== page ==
Grapes and Raisins

If you’re a fan of Ben and Jerry’s ice cream, you may know that grapes are toxic to cats. According to Ben Cohen, one of the company's founders, they have no grape flavor because while it was in development, he gave some to his girlfriend at the time, who was a fan of grapes. She fed some to her cat, which she often shared food with, and the cat got ill. This is because grapes can be toxic to cats, possibly because they contain tannins, and can cause kidney failure.

Citrus Fruits

void citrus fruits (e.g., oranges, grapefruits, lemons, and limes) when looking for a fruity treat for your cats. The acidity of the fruit's flesh can cause upset stomachs, and the stems, leaves, seeds, and peels are toxic and irritate a cat’s nervous system. Large enough quantities can even cause feline tremors, seizures, or death.

Vegetables Cats Can Eat

Vegetables contain less sugar than fruits, so feeding them to your cat is less likely to increase the risk of them developing diabetes. However, as with anything, they should be offered in moderation.


Cats can have carrots, which may benefit their skin and eyes due to their vitamin content. They also have fiber, which can aid in digestion. However, carrots are also high in sugar, so keep servings under two ounces. More than that can cause symptoms like bloating, gas, diabetes, or obesity.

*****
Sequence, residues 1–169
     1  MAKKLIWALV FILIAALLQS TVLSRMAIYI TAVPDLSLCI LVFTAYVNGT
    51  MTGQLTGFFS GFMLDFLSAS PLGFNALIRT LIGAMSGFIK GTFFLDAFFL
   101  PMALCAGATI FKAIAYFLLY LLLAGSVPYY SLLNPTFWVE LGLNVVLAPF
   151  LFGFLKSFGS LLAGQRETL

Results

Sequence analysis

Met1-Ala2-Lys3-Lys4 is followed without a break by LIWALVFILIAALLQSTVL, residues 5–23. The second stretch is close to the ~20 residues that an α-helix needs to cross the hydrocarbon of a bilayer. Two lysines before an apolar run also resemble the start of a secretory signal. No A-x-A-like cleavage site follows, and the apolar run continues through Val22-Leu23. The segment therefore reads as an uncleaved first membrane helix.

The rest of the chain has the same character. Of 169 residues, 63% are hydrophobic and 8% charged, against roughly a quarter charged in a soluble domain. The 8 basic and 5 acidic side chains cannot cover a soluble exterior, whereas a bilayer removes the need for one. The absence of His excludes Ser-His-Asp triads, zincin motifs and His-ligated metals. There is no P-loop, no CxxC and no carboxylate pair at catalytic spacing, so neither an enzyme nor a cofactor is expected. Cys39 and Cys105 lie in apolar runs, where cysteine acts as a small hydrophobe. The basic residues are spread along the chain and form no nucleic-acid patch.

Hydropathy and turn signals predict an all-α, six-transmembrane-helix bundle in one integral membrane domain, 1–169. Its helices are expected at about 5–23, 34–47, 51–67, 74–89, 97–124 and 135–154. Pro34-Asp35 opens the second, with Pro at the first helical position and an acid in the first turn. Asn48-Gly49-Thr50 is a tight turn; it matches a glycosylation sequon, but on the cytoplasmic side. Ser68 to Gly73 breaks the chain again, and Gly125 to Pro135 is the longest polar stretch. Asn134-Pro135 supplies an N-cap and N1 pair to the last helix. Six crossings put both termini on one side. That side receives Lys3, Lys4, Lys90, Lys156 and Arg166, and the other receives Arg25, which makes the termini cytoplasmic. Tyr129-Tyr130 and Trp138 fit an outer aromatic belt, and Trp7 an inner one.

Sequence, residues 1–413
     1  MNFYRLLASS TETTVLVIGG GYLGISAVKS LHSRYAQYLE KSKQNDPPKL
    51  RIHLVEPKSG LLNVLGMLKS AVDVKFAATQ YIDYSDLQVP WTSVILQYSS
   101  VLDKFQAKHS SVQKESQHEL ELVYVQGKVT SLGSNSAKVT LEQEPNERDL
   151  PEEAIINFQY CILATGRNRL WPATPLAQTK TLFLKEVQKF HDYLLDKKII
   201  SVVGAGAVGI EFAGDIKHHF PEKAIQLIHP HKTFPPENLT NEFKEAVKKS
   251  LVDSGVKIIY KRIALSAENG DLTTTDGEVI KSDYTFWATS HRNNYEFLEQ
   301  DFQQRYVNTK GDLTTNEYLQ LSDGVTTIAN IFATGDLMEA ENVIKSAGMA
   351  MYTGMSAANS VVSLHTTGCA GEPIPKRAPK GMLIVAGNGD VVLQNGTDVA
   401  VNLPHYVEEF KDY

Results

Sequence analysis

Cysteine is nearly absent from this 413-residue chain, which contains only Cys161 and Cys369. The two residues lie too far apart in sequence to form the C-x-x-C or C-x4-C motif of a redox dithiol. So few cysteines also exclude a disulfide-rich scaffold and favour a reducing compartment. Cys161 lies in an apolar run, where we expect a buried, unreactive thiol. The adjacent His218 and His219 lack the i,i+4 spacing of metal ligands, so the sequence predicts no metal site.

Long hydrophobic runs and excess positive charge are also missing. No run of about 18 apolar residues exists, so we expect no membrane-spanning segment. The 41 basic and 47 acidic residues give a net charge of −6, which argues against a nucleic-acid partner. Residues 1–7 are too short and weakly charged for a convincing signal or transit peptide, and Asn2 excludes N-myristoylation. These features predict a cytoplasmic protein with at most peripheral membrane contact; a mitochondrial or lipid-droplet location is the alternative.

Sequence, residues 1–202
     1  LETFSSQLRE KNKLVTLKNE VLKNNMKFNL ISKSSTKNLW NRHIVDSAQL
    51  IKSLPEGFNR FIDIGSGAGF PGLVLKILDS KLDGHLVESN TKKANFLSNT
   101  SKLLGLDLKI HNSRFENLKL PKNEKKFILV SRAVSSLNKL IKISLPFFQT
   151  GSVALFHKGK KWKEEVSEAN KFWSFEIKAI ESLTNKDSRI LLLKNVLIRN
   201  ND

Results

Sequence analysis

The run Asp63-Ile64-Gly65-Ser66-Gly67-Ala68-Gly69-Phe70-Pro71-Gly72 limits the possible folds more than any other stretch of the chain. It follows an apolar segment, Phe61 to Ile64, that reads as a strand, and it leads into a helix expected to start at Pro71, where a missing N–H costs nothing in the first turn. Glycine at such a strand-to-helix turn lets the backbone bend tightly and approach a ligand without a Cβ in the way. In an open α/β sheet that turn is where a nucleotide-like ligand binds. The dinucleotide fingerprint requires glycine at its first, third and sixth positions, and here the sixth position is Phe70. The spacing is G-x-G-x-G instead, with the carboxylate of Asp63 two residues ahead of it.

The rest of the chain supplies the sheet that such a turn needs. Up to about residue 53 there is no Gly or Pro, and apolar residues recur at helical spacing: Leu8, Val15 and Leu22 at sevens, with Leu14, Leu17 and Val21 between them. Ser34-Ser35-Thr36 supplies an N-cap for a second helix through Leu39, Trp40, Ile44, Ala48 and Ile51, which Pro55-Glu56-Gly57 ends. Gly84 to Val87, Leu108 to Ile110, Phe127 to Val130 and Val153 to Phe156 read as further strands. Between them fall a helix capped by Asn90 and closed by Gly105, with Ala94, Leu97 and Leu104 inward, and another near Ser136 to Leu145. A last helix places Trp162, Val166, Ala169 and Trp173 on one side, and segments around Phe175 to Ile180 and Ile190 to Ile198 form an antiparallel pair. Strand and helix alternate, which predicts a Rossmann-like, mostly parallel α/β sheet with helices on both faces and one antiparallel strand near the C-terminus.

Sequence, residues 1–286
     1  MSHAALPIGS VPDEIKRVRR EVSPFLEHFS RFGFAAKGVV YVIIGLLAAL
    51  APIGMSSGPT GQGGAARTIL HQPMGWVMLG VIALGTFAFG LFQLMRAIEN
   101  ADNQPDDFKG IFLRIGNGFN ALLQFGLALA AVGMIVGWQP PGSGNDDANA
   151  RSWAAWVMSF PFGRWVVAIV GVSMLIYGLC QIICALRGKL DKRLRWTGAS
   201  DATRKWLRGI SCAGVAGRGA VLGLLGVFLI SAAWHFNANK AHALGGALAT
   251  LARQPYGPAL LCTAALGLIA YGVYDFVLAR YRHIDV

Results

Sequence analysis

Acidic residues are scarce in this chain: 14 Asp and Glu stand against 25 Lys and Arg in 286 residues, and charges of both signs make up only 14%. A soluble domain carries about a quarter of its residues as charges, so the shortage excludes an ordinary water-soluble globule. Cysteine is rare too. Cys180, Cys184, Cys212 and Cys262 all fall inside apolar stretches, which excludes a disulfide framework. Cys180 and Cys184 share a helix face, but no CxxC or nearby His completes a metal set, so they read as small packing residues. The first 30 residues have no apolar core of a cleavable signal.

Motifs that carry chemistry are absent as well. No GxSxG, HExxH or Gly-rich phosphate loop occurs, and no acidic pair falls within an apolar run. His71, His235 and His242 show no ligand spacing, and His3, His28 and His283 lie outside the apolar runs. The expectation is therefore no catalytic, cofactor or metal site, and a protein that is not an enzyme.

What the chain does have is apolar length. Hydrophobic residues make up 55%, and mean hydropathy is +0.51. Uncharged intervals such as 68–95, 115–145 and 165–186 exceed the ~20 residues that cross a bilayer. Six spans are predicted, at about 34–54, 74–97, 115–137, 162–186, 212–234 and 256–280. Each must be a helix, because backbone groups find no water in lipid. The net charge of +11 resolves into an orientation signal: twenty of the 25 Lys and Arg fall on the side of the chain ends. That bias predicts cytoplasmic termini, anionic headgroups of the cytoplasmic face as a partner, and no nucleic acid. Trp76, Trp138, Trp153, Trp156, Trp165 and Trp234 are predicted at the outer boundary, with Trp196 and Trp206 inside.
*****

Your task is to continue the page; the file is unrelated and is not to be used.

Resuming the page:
Garden peas and snap peas are safe for cats to eat. You can serve them fresh, frozen, or cooked. When providing cats cooked peas, don’t prepare them using oil or any seasonings. Although peas are a healthy choice and have high vitamin levels, they and other treats shouldn't make up more than 10% of your cat’s diet.


Boiled or grilled sweet corn is a safe choice for adult cats. However, canned corn may contain harmful preservatives, flavorings, or added salt or sugar, so avoid those. The corn should also be unseasoned, as most seasonings are toxic to cats. Kittens should not eat corn, as their digestive system isn't yet strong enough to digest it properly.


Broccoli is safe for cats of any age. If it doesn't make up more than 10 percent of their daily food intake, feel free to treat your cat to some bite-sized broccoli florets. As usual, make sure it has no seasoning or other extras.


Vegetable Cats Can’t Eat

While many vegetables are safe and healthy for cats, some can pose a severe health risk. We discuss these below.


Onions are poisonous to cats. Keep your feline friend away from anything containing onions, onion powder, or onion-based ingredients, as well as chives. While dogs can have trace amounts of onion and be fine, cats are much more susceptible and will get sick and even die. If you believe your cat may have consumed onion or an onion product, take them to the vet.


Even more than onions, garlic is highly toxic to cats. For the average 10-12 pound cat, as little as half of a clove of garlic can be enough to cause fatal toxicity levels. Less than ½ a teaspoon of minced garlic or ⅛ of a teaspoon of garlic powder is toxic enough to make a cat ill.


Cats should not be allowed to eat leeks under any circumstances. Any foods containing organosulfates, which includes leeks, can poison a cat. They have a substance that damages hemoglobin in felines, decreasing the amount of oxygen in the bloodstream. As little as 0.5% of their body weight can cause severe illness and potential death.